Barack Obama was declared the Democratic nominee for president on Wednesday in Denver after the New Mexico delegation stepped aside to allow Obama’s former rival, Hillary Clinton, to ask delegates to name him the first black presidential candidate from a major party.
Clinton, who called for unity after a divisive party battle, appeared with the New York delegation and asked that the roll call be halted and that Obama be nominated.
“Let’s declare together in one voice, right here, right now, that Barack Obama is our candidate and he will be our president,” said Clinton, who received a standing ovation as she appeared with the delegation.
Delegates joined in a chorus of Obama’s motto, “Yes we can!” and joined hands in a sign of unity as they sang along to the soul song “Love Train,” symbolically ending a rivalry that dogged the party into the convention.
Obama was nominated by Michael Wilson, an Iraq war veteran and lifelong Republican from Florida. The first of three seconding speeches came from Sen. Ken Salazar, D-Colo., a nod to the host state of the convention, the role of the West in a revived Democratic Party and to Hispanics seen as key to Obama’s success.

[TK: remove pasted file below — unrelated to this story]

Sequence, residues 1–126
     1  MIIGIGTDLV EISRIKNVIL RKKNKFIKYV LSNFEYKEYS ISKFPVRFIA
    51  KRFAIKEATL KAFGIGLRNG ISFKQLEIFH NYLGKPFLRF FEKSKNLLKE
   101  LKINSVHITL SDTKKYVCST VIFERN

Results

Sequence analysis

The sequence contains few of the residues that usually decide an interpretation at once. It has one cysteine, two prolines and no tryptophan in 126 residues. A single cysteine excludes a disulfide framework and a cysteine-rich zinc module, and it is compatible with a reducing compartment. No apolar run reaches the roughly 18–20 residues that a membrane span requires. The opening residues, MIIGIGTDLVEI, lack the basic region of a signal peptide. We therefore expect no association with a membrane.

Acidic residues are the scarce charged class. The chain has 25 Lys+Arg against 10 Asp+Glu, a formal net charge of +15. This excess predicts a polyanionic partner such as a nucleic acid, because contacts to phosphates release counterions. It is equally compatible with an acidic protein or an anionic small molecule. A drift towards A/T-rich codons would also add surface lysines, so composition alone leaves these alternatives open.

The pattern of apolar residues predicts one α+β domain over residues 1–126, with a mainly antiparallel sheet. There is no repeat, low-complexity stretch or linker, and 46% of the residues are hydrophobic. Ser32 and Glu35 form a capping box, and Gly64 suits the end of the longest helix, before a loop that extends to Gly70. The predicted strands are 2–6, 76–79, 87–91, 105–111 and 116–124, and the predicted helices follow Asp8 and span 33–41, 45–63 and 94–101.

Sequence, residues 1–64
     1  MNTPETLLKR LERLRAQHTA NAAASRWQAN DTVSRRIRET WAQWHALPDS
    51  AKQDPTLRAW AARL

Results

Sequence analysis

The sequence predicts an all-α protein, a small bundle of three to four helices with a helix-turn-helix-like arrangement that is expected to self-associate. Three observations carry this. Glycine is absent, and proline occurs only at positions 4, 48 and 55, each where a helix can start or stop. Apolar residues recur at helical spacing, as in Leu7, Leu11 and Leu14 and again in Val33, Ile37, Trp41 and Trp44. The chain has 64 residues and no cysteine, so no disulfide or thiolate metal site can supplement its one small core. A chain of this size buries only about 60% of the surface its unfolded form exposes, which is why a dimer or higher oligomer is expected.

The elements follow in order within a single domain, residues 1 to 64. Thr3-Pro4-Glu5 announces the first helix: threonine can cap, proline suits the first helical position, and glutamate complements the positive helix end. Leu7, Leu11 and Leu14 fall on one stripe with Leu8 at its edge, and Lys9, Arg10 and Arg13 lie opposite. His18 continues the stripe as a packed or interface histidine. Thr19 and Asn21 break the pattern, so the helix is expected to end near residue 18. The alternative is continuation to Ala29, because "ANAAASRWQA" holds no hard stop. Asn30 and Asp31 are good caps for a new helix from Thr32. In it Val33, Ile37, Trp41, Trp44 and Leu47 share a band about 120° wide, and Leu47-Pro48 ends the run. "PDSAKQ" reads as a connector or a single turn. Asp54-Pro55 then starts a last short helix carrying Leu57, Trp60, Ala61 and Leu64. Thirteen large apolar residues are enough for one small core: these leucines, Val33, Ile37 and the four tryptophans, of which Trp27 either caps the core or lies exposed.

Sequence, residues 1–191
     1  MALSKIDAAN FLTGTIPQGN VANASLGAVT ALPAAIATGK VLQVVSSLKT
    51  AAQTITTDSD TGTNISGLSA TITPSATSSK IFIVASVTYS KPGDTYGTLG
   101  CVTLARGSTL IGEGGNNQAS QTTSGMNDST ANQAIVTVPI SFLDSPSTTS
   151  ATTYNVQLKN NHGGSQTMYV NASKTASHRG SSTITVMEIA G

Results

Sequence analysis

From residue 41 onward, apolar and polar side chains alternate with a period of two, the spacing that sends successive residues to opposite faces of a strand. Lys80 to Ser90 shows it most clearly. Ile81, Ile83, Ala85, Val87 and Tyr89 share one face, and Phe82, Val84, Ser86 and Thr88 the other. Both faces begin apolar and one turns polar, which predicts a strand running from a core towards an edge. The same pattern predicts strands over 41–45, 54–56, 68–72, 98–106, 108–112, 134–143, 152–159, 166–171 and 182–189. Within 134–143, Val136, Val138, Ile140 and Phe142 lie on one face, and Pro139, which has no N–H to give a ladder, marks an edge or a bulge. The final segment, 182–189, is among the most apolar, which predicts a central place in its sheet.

“Welcome to Colorado,” Salazar said, wearing his trademark white cowboy had and bolo tie. “Welcome to the West, where we’re building the new Democratic majority.”
Salazar paid tribute to his family’s Hispanic heritage, recognizing five generations of farmers in Colorado’s San Luis Valley and ancestors who founded Santa Fe, N.M., four centuries ago, “before the Pilgrims and the Puritans, before Jamestown and Plymouth.”
“The rural America I know has become a forgotten America,” Salazar said. “We can’t afford more of the same. We can’t afford four more years of forgetting the middle class. We can’t afford four more years of George Bush policies with John McCain.”
Westerners abounded in Wednesday’s convention activities. Delores Huerta, co-founder of the United Farm Workers Union, a fourth-generation New Mexican who now lives in California, nominated Hillary Clinton for president.
“She has stood with hardworking people all of her life and she knows how important it is to keep fighting and keep going,” Huerta said.
Jordan Apollo Pazell, of Copperton, Utah, the third-youngest delegate at the convention, read one of two seconding speeches for Clinton.
It was the New Mexico delegation that paved the way for Obama’s nomination, though. As each delegation announced its votes and the count built for an Obama victory, the New Mexico delegation yielded to Illinois to allow Obama’s home state to cast the deciding votes to put him over the top.
The Illinois delegation yielded to New York in deference to Clinton, to allow her to make a final call for unity among the party.